Gregor Peradze, Die anfänge des Mönchtums in Georgien (Bonn: A.-Gotha, 1927), 1–2; Christopher Haas, “Ioane Zedazneli: A Georgian Saint in the Syrian Ascetic Tradition,” in Vakhtang Beridze 1st International Symposium of Georgian Culture: Georgian Art in the Context of European and Asian Cultures (proceedings), ed. P. Skinner, D. Tumanishvili and A. Shanshiashvili (Tbilisi: Georgian Arts and Culture Centre, 2009): 95.
15.
See Shota Matitashvili, K‘art‘uli bermonazvnoba IV-V saukuneebši [Georgian Monasticism in the Fourth and Fifth centuries] (Tbilisi: Meridiani, 2017).
16.
Like Christian monasticism in general; James Goehring, Ascetics, Society, and the Desert: Studies in Early Egyptian Monasticism (Harrisburg, PA: Trinity Press International, 1999), 32.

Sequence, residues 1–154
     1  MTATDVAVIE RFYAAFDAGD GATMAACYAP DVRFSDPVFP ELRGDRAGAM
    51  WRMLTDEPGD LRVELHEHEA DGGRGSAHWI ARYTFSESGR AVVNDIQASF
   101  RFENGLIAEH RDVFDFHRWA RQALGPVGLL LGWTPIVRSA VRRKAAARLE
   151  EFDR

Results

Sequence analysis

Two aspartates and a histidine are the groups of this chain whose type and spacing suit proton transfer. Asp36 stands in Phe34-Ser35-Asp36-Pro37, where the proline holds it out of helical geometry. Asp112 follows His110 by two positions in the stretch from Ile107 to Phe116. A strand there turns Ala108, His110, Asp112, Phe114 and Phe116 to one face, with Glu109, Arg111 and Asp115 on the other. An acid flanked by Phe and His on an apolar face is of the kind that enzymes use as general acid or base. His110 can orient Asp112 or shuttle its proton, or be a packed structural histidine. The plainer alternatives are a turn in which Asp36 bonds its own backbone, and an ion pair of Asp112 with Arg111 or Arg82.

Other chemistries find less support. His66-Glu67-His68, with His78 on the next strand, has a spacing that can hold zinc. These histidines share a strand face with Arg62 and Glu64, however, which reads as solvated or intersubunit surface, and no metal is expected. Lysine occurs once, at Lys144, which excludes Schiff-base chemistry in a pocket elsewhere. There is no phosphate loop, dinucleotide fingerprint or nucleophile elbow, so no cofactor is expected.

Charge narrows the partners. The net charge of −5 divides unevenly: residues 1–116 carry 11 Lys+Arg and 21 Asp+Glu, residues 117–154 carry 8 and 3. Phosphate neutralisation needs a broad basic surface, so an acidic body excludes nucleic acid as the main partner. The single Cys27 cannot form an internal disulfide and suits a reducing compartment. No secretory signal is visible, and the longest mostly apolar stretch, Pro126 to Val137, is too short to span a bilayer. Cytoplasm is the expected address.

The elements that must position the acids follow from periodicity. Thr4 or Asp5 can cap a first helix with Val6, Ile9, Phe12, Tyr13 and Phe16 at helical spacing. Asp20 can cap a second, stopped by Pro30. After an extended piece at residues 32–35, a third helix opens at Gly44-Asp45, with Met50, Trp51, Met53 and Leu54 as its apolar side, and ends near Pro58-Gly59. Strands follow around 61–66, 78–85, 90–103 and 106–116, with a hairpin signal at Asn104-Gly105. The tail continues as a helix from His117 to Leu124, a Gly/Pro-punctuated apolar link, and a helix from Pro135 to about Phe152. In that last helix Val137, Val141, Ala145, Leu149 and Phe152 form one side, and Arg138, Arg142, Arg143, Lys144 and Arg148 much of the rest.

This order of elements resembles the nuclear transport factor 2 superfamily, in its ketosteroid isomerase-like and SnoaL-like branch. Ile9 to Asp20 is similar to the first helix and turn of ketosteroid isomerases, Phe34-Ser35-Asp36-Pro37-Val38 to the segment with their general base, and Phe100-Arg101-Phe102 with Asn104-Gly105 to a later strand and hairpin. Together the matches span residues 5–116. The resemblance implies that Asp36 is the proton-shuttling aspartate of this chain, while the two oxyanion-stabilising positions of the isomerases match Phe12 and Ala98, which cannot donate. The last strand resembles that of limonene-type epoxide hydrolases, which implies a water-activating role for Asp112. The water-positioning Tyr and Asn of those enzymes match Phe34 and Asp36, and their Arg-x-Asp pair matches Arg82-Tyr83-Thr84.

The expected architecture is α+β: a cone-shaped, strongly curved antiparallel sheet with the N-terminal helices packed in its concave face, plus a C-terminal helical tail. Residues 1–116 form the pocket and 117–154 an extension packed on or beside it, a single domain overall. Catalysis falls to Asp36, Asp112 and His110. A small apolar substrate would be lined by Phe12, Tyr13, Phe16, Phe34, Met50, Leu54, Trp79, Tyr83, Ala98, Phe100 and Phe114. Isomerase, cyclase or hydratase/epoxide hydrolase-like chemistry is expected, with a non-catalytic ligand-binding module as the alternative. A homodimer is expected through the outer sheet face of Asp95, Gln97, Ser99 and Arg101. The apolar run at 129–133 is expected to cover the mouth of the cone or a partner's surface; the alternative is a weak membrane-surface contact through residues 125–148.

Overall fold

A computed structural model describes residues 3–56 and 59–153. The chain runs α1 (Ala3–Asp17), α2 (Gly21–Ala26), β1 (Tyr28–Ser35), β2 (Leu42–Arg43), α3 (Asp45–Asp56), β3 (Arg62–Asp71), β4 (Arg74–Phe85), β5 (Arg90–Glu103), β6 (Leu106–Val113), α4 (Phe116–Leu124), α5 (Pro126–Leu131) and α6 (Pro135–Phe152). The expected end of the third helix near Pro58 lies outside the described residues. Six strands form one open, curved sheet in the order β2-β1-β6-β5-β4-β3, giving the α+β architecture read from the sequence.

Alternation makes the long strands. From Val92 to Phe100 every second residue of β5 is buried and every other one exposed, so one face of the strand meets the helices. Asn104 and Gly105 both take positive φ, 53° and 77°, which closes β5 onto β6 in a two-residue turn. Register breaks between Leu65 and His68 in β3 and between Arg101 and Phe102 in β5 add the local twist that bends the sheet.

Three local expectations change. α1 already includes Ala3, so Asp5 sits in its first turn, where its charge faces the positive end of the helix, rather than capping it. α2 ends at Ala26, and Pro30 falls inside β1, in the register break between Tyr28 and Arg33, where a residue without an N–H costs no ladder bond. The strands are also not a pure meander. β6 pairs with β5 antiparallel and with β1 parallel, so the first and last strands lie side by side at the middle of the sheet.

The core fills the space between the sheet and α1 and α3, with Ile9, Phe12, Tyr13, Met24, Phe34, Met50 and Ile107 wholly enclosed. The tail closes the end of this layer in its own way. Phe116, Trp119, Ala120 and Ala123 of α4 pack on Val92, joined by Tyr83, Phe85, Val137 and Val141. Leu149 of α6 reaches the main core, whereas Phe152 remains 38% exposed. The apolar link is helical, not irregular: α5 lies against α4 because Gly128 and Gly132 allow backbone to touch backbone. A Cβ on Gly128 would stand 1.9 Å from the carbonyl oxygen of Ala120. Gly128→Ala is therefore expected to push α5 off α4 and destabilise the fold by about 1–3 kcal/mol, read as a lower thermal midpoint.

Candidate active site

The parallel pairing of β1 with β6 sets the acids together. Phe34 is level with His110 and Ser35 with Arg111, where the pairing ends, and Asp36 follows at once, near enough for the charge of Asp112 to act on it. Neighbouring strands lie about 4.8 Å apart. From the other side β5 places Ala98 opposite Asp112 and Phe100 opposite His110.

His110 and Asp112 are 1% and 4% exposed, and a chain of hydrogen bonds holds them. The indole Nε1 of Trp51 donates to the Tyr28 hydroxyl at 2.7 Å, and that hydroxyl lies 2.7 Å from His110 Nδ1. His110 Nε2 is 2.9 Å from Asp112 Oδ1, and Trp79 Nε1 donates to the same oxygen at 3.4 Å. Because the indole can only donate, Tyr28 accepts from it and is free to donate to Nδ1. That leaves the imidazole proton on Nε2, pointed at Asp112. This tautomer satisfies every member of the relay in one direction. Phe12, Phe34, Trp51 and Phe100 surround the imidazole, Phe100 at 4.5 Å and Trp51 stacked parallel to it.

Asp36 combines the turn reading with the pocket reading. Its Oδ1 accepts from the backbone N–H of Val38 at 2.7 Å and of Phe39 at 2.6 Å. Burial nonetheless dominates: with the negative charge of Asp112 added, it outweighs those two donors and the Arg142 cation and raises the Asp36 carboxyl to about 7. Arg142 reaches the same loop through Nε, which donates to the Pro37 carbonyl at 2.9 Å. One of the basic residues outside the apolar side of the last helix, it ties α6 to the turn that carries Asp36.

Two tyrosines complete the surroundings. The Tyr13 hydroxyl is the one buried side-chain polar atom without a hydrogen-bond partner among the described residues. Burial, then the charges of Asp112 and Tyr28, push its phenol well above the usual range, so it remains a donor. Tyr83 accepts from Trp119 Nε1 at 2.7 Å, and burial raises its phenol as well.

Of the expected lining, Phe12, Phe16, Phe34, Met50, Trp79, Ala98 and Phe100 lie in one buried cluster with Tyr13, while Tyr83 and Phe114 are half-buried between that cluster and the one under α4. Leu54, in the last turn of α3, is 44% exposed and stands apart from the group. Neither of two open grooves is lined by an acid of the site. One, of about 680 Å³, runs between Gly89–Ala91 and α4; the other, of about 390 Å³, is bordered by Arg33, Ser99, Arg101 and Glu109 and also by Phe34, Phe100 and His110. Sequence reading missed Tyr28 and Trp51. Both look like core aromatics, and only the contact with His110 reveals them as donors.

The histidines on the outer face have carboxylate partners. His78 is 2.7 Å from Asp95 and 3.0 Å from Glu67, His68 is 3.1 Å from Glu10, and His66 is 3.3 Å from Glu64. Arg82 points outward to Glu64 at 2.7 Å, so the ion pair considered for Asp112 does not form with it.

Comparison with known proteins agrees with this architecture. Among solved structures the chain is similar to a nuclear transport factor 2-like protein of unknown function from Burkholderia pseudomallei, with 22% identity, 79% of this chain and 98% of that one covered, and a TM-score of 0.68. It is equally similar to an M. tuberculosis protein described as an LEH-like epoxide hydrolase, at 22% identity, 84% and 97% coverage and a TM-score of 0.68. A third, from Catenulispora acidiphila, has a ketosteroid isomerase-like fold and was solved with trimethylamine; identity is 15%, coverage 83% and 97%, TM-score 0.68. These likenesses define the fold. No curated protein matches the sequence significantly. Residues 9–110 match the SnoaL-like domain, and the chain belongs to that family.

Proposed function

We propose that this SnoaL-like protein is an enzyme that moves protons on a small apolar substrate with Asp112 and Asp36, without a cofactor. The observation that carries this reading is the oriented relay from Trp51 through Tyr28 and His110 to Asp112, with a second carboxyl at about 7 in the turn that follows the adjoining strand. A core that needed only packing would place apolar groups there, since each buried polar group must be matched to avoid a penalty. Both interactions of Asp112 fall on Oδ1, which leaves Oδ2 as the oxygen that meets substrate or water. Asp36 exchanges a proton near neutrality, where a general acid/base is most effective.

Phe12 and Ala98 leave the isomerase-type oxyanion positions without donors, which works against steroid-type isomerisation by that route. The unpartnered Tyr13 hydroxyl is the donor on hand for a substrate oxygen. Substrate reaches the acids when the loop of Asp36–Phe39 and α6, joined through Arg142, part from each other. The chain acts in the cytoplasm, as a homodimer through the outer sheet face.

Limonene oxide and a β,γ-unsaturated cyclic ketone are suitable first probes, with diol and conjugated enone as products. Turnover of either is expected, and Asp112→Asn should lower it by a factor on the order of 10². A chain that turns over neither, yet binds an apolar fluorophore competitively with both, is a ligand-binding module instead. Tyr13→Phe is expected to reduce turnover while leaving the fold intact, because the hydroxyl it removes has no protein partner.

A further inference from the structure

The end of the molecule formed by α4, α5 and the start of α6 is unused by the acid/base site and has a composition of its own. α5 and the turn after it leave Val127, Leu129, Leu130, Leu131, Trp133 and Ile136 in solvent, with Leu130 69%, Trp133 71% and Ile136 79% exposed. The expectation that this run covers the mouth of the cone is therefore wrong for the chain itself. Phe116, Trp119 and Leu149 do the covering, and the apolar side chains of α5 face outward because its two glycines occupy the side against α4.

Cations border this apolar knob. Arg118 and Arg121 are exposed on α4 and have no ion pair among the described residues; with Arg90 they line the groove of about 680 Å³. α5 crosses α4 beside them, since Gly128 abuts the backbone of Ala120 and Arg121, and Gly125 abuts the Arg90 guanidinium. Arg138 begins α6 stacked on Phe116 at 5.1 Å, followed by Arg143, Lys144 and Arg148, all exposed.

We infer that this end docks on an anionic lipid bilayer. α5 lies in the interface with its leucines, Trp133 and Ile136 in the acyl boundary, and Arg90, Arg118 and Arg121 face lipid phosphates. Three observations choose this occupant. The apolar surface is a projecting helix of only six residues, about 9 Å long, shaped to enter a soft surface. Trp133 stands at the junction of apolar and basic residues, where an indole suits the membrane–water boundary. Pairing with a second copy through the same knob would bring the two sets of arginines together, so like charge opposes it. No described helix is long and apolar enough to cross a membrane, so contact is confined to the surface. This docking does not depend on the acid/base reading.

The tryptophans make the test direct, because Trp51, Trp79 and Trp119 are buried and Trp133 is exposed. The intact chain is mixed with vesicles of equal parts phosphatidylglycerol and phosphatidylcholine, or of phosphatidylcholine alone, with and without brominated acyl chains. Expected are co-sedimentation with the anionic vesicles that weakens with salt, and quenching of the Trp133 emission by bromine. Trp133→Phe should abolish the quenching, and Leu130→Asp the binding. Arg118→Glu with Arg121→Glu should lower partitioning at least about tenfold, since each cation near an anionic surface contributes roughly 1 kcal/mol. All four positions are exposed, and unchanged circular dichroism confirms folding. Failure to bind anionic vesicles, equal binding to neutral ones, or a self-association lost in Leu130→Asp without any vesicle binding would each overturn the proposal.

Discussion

17.
Peter Brown, “The Rise and Function of the Holy Man in Late Antiquity,” The Journal of Roman Studies, 61 (1971): 80–101; for his changed views about this topic see Peter Brown, “The Rise and Function of the Holy Man in Late Antiquity,” The Journal of Early Christian Studies, 6.3 (Fall, 1998): 353–376.
18.
About Peter's childhood see Cornelia B. Horn, Asceticism and Christological Controversy in Fifth-Century Palestine: The Career of Peter the Iberian (Oxford: Oxford University Press, 2006), 50–59.
19.
Arthur Vööbus, History of Asceticism in the Syrian Orient: A Contribution to the History of Culture in the East, CSCO, vol. 184 (1958), iv.
20.
Shafiq AbouZayd, Ihidayutha: A Study of the Life of Singleness in the Syrian Orient. From Ignatius of Antioch to Chalcedon 451 A. D. (Oxford: ARAM Society for Syro-Mesopotamian Studies, 1993), 323.
21.
Shafiq AbouZayd, A Study of the Life of Singleness in the Syrian Orient, 324–326.
22.